The other day, a new (new to me) magazine appeared in our mail: American Educator. (This must be one of the undisclosed perks of highly paid Adjunct Professors. Ha!) Inside was a fascinating article* about implicit bias, which is worth a million posts; I’ll start with one for now. This sentence blew me away:
Examples of counter-stereotypical exemplars may include male nurses, female scientists, African American judges, and others who defy stereotypes.
What? Is it really ‘defying stereotypes’ to be a female scientist? I know lots of female scientists! Perhaps that is only because I am a lady scientist? Or maybe it is because I have a lady rocket scientist and a lady airplane mechanic in my family? But seriously, do we still think that female scientists are defying stereotypes? And isn’t that a problem?
Maybe male nurses and African American judges and female scientists were atypical back when I was in high school, but that was over TWENTY years ago!!! Shouldn’t we have progressed a bit more by now? Or maybe the question is: why are these things still considered unusual? Why haven’t we figured out how to move beyond those old-school stereotypes? And more importantly, how can we raise our children so that they won’t be stuck inheriting our outdated ‘stereotypes’?
The latter is one of my most fervent desires, both as a parent – for my own child, and as a citizen of the world – for all of us. But this isn’t easy work. The reason that we have stereotypes is because we were programmed with them from birth. We are bombarded with them constantly (especially if you own and watch a TV or pretty much any mainstream sporting events). The people we choose to spend time with also contribute to establishing/perpetuating our implicit biases. The input is ongoing.
So how do we counter negative stereotypes and implicit biases? First, we have to explore, identify and acknowledge our own implicit biases. In the same article, Cheryl Staats* provides some advice for how to use Implicit Association Tests, many of which are publicly available at http://implicit.harvard.edu, to identify our own implicit biases. That part is relatively easy. (And totally fascinating! Often our explicit beliefs actually contrast with our implicit biases. Despite our good intentions and professed beliefs, our implicit biases can and do override our explicit convictions during the snap-decision making process.)
Next comes the hard part: if we want to change our implicit biases, then we have to embark on a journey of reprogramming. The good news is: “thanks to the malleable nature of our brains,” reprogramming is possible according to Staats*. It doesn’t take much review of recent events to realize that Americans desperately need to do some serious reprogramming of our racial and gender biases (not to mention all the rest, including but not limited to biases based on sexual orientation, age, disabilities, etc.).
So how do we reprogram and overcome our own implicit bias and avoid programing our children with this nonsense? Amy Joyce makes several great recommendations in her recent article in the Washington Post. While that article is geared toward gender bias, many of the same tips can be easily applied to any of our many biases. (Thanks to the folks over at A Mighty Girl for sharing Amy’s piece!) I highly recommend Amy’s article; it is well worth a read.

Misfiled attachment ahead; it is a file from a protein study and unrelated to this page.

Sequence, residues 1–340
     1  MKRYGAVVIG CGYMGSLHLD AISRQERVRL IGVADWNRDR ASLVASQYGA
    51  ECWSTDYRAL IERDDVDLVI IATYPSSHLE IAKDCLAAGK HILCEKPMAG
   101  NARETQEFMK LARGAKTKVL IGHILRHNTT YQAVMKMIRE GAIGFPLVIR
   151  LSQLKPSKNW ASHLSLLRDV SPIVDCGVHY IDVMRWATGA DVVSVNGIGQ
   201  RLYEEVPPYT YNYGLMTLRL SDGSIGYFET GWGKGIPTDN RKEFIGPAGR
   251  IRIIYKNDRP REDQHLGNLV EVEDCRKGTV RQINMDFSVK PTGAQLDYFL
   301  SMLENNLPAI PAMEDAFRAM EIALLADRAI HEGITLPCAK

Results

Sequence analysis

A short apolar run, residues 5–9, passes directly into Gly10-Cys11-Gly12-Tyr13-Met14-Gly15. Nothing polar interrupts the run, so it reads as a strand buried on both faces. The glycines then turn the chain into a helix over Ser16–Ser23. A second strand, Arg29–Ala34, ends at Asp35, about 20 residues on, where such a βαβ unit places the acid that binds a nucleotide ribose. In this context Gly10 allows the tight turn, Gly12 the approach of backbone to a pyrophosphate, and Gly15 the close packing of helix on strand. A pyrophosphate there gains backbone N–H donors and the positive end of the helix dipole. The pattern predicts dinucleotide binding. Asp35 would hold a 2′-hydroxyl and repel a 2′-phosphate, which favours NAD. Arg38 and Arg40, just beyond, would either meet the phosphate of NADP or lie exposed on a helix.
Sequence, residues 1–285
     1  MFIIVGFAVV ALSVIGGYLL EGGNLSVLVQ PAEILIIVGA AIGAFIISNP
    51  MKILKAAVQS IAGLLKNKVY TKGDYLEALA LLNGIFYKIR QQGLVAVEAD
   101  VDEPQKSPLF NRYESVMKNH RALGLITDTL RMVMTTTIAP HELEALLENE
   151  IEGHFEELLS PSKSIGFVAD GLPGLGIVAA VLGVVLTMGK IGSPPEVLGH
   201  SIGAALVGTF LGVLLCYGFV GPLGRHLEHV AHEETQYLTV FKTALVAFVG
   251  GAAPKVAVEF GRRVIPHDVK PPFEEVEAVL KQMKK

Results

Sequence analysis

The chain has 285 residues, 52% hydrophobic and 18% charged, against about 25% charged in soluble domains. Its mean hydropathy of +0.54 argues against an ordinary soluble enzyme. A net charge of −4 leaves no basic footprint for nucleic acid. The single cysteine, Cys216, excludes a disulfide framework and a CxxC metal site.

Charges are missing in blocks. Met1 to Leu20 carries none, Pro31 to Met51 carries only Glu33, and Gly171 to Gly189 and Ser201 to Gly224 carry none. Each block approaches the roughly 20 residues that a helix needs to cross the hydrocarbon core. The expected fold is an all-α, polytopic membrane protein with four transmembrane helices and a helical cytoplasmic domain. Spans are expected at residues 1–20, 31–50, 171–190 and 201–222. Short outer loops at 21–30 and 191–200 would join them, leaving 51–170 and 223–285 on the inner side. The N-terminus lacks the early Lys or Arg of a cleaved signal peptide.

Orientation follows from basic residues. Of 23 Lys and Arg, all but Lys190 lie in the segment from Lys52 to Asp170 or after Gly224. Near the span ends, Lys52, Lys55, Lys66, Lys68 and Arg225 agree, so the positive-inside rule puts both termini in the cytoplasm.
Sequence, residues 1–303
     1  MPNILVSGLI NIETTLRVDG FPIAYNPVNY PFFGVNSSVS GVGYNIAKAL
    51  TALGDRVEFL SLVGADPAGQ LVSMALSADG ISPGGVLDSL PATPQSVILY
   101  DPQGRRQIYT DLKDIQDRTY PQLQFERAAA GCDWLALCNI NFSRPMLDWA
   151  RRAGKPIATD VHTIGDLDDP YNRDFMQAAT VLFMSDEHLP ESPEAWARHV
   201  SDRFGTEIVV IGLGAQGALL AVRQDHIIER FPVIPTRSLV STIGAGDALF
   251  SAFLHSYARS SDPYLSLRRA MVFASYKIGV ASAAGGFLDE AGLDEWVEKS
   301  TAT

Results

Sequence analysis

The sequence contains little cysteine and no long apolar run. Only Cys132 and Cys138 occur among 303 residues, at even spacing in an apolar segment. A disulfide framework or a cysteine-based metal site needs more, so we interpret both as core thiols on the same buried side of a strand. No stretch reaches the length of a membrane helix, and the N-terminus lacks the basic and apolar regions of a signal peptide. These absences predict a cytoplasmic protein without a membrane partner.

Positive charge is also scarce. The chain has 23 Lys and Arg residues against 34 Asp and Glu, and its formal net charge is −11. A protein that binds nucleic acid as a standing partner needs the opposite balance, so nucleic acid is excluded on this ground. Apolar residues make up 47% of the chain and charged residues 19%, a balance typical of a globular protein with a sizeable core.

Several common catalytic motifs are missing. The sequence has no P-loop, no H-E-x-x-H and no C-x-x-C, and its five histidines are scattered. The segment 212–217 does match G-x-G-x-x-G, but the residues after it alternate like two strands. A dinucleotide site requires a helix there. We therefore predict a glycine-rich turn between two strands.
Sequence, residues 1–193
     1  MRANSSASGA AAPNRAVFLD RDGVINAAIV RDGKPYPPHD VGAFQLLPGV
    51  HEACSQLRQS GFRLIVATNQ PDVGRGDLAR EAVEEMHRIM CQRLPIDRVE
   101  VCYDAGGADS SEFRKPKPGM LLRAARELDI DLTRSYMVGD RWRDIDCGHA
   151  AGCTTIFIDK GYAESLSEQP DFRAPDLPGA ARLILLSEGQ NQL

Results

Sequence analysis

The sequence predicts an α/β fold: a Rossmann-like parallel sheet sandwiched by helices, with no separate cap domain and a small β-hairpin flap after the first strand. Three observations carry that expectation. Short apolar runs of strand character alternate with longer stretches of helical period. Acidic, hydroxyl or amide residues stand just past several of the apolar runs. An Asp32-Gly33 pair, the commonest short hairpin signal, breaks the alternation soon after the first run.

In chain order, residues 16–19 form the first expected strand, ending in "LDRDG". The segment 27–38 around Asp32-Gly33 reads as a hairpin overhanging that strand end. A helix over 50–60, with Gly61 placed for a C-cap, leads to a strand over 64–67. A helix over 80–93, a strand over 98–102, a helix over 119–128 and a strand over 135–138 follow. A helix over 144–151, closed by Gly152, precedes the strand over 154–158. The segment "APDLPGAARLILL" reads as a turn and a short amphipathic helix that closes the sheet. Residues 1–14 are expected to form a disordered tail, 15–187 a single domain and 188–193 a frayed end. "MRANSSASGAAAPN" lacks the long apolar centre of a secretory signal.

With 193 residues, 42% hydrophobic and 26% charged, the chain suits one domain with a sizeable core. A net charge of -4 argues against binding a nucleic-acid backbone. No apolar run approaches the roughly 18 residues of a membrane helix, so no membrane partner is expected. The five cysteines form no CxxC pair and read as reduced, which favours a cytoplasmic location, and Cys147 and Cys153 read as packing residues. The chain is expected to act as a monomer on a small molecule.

Many of these techniques are relatively simple although they do require self reflection and self examination: Look at your life, the roles you take, and the people you surround yourself with. Are all the people in your life the same race? The same nationality? Do they all speak the same language? Are they all the same age? Are they all the same religion? The same political persuasion? Is work in your home always divided into old-school, gender-based roles? Do you buy and encourage exclusively “girl” toys and “girl” colors for girls? How about the people in the books you read? Your children’s books? Their toys? Their schoolmates and TV input?
Now the fun part: figure out how to defy those stereotypes! How can you introduce positive and stereotype-defying examples into your life and the lives of your children? Have fun with it! Break the mold! Throw off the chains! And if you are completely at a loss, see Amy Joyce’s recent article for several great suggestions.
And now, I’m feeling some serious human power, just waiting, ready to destroy stereotypes. We are always more powerful together. Here is a poem from a book of poems by Audre Lorde (just picked it up today, delivered to my “holds”!). It seems appropriate for this post.
Instead of teaching our children how to defy stereotypes, maybe we should teach them that there are NO stereotypes. We could tell them instead that stereotypes were an antiquated method of keeping everyone within their predetermined and incorrectly defined lines, lines that were defined by the old-school hierarchal, patriarchal machine; and that sometime in the 21st century, humanity woke up and realized that these stereotypes were a ridiculous and useless abstraction, so we abandoned them completely. Wouldn’t that be lovely?
If we truly want to our children to defy stereotypes, we’re going to have to refrain from indoctrinating our children with our old dysfunctional ones. Let’s do this. I am ready. Are you?
Staats, Cheryl. (2015, December). Understanding Implicit Bias: What Educators Should Know. American Educator. 39 (4); p. 29-33.